Persnickety persimmons

Didn't you think the tray of persimmons I photographed yesterday was just lovely? I did. Looking at them made me feel positively cozy inside, and I couldn't wait to work with them. To jump right into them, simply, quickly and flavorfully, I thinly sliced two and poached them in some diluted pear brandy and a sprinkle of sugar. They looked beautiful, and the initial taste was wonderful. But then...dunh, dunh... AWFUL!

The immediate aftermath of good was that my tongue felt it'd been enrobed by some bitter, rough-skinned sleeve. My teeth felt covered in a most unpalatable fur, and after three attempts, I sadly tossed the whole mess into the trash. There are different theories about why persimmons can have this effect: they aren't ripe enough; they weren't cooked long enough; my taste receptors and their flavors just do not mesh; some types of persimmons are more prone to this than others... My primary thought was "apple of the Orient" my foot.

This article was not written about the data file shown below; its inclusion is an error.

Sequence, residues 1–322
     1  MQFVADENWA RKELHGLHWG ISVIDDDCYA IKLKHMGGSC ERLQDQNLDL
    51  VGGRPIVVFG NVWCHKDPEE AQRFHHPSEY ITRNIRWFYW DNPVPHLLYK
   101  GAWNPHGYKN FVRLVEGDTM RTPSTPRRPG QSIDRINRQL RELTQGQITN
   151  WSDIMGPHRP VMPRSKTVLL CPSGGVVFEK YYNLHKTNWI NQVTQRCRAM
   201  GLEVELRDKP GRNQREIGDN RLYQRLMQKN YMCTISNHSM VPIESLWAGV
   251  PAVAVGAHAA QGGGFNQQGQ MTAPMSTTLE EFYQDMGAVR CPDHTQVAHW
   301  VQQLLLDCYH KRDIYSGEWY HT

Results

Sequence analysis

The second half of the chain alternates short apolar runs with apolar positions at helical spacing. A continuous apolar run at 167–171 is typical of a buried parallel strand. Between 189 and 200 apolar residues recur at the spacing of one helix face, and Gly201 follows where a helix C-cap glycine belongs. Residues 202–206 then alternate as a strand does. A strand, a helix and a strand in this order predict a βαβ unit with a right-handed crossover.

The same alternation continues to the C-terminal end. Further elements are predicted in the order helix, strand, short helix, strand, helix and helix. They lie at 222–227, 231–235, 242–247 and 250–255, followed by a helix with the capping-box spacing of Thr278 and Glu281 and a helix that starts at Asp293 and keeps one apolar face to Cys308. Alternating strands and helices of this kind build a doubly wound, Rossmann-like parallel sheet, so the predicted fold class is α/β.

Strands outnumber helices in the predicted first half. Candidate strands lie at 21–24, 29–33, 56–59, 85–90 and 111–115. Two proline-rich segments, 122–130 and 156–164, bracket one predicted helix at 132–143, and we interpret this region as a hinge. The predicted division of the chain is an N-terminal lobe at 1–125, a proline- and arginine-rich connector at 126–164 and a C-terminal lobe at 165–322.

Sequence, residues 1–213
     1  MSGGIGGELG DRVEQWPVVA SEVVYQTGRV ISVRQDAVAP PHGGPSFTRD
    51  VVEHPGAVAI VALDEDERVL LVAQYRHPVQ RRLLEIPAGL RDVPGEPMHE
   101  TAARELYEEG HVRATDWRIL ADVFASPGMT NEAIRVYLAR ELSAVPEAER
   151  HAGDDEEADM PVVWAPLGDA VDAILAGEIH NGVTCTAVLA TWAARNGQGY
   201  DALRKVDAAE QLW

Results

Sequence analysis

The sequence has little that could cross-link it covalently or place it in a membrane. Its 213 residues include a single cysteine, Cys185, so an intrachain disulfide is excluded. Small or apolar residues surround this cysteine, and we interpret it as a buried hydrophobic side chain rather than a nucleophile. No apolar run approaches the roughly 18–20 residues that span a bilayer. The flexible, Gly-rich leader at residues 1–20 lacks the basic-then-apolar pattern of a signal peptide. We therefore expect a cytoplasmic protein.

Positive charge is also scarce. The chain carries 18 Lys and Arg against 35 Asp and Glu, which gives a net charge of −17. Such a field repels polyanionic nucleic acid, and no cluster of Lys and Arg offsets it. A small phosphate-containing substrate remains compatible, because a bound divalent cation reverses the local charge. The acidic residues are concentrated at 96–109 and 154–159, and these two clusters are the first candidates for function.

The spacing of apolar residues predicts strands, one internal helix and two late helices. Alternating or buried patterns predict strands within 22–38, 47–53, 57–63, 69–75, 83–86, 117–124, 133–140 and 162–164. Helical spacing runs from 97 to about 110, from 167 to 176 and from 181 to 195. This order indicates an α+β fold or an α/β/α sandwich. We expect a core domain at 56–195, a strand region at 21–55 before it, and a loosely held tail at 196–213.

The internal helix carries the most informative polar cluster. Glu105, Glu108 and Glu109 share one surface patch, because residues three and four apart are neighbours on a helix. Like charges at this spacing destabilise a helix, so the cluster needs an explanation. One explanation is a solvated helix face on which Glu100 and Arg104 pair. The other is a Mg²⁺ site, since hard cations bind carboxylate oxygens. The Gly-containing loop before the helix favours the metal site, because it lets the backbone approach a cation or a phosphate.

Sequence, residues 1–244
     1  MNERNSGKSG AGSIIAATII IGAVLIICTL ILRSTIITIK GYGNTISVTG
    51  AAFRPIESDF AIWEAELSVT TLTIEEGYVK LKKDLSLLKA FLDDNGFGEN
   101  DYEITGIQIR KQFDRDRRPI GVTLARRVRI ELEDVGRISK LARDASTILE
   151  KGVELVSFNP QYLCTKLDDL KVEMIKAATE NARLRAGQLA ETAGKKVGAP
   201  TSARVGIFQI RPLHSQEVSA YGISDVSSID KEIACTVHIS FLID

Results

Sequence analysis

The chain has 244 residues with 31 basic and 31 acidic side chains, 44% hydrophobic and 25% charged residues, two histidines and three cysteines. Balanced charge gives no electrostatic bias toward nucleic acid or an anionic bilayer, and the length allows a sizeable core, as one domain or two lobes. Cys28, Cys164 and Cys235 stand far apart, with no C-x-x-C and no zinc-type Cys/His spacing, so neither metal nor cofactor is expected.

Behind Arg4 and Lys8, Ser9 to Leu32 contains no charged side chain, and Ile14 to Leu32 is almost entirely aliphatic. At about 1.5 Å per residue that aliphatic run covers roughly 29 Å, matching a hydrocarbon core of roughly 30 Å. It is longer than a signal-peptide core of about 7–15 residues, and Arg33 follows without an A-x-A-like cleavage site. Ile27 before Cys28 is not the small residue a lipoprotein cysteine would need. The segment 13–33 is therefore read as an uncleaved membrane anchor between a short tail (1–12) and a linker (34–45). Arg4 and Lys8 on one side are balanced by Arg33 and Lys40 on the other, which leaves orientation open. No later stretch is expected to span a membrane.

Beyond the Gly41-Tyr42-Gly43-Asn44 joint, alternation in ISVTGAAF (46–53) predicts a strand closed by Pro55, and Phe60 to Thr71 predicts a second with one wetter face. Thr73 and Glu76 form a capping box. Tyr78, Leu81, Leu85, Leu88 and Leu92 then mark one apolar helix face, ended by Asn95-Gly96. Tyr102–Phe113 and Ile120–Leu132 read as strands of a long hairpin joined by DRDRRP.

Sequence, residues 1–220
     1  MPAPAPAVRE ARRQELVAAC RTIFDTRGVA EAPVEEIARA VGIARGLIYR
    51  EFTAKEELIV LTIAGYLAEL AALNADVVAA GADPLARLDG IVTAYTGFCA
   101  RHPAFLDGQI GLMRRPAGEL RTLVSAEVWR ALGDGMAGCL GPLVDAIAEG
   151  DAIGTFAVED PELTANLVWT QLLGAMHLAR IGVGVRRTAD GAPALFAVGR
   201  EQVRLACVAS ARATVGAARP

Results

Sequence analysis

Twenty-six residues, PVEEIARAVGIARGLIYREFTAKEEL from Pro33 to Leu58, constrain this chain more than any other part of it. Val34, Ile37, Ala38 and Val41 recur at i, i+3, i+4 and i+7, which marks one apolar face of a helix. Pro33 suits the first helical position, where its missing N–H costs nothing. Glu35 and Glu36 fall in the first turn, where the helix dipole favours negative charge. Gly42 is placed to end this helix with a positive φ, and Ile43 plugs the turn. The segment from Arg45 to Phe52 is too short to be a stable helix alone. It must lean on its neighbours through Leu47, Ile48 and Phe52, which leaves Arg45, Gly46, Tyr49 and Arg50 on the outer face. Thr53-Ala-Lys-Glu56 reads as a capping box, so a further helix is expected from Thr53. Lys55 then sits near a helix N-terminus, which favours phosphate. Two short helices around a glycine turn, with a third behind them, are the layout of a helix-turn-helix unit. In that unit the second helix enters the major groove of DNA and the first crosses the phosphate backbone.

Unsatisfied by my questions that remained despite these hypotheses, I turned to Harold McGee, or as I like to call him, Dr. Kitchen Science. In his wonderful tome, On Food and Cooking: The Science and Lore of the Kitchen, McGee provides a summary of the history and types of persimmons, notably that they fall into either the astringent or nonastringent categories. Aha! The astringent varieties, including the Hachiya, "have such high levels of tannins that they're edible only when completely ripe, with translucent and almost liquid flesh." Clearly what I thought was ripe was simply not so. McGee says such astringency can be overcome by, in addition to ripening, wrapping the fruits tightly in saran wrap because if deprived of oxygen, astringent persimmons shift their metabolic process in such a way that the tannins rebind and thusly cannot bind to our tongues.

As I refuse to cede victory over these innocent-looking fruits, I am off to wrap my astringent friends now. With the others which, I believe, are the Fuyu type, I am considering a spiced persimmon bread of some sort, after more ripening of course. However, wouldn't a whole loaf of yuk be a wild disappointment and waste of ingredients?! C'est vrai. Blimey... I'll let you know.

As a helpful visual, I've borrowed this photo from an image search: